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Correspondence  |   December 2007
Clarifying Equipment Specifications and Performance Characteristics
Author Affiliations & Notes
  • Samir Jaber, M.D., Ph.D.
    *
  • *Hôpital Saint Eloi, Montpellier, France.
Article Information
Correspondence
Correspondence   |   December 2007
Clarifying Equipment Specifications and Performance Characteristics
Anesthesiology 12 2007, Vol.107, 1029-1030. doi:10.1097/01.anes.0000290597.13721.48
Anesthesiology 12 2007, Vol.107, 1029-1030. doi:10.1097/01.anes.0000290597.13721.48
In Reply:—
We thank AnnMarie Preece for her comments on our article,1 which help us to clarify the description of some specifications of the Avance ventilator. Indeed, the inspiratory flow triggering on this ventilator is selectable from 0.2 to 10 l/min. However, this point, like the other comments from Ms. Preece, does not modify the reported results of the article about the Avance ventilator. In table 1 of our article, which reported the main characteristics of anesthesia and intensive care unit ventilators tested, some characteristics of pressure-support ventilation in the Avance ventilator should be corrected as follows: The pressurization phase in pressure-support ventilation allows a slope adjustable from 0 to 500 ms, and the expiratory trigger is adjustable from 5% to 50% of peak inspiratory flow. As stated in the article, the Fabius and Primus are “piston ventilators,” which use an electric motor to compress gas in the breathing circuit, creating the driving force for mechanical insufflation to proceed. However, the Avance is not a piston ventilator as stated in the article, but is one of the last generation of “bellow ventilators” which uses a microprocessor-driven flow control valve system like all major intensive care unit ventilators combined with a dynamic regulation of the internal compliance of the ventilator. These features may explain in part why these more recent anesthesia ventilators have comparable performance to modern intensive care unit ventilators.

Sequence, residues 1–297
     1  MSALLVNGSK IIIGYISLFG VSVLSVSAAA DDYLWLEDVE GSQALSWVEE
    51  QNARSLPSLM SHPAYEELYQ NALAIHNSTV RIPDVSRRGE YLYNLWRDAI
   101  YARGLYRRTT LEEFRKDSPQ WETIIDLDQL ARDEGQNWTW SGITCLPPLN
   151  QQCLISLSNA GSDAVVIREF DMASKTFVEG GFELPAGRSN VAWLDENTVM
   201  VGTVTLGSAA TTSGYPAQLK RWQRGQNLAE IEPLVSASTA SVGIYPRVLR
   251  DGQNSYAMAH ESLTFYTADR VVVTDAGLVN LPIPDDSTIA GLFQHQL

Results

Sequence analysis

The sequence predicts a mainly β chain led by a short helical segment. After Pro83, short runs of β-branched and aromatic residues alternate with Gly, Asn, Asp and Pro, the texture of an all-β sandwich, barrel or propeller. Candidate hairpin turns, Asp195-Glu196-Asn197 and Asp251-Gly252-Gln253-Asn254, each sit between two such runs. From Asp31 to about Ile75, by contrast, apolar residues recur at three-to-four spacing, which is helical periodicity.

As stated in the editorial by Hossam Tantawy and Jan Ehrenwerth,2 this study permitted an important addition to the literature because it shows that technology improvements in traditional intensive care unit ventilators can be transferred to the operating room and the anesthesiologist must understand the pressure-support ventilation indications and limitations, know how to implement it properly, and determine its cost effectiveness.
*Hôpital Saint Eloi, Montpellier, France.
References
Jaber S, Tassaux D, Sebbane M, Pouzeratte Y, Battisti A, Capdevila X, Eledjam JJ, Jolliet P: Performance characteristics of five new anesthesia ventilators and four intensive care ventilators in pressure-support mode: A comparative bench study. Anesthesiology 2006; 105:944–52Jaber, S Tassaux, D Sebbane, M Pouzeratte, Y Battisti, A Capdevila, X Eledjam, JJ Jolliet, P
Tantawy H, Ehrenwerth J: Pressure-support ventilation in the operating room: Do we need it? Anesthesiology 2006; 105:872–3Tantawy, H Ehrenwerth, J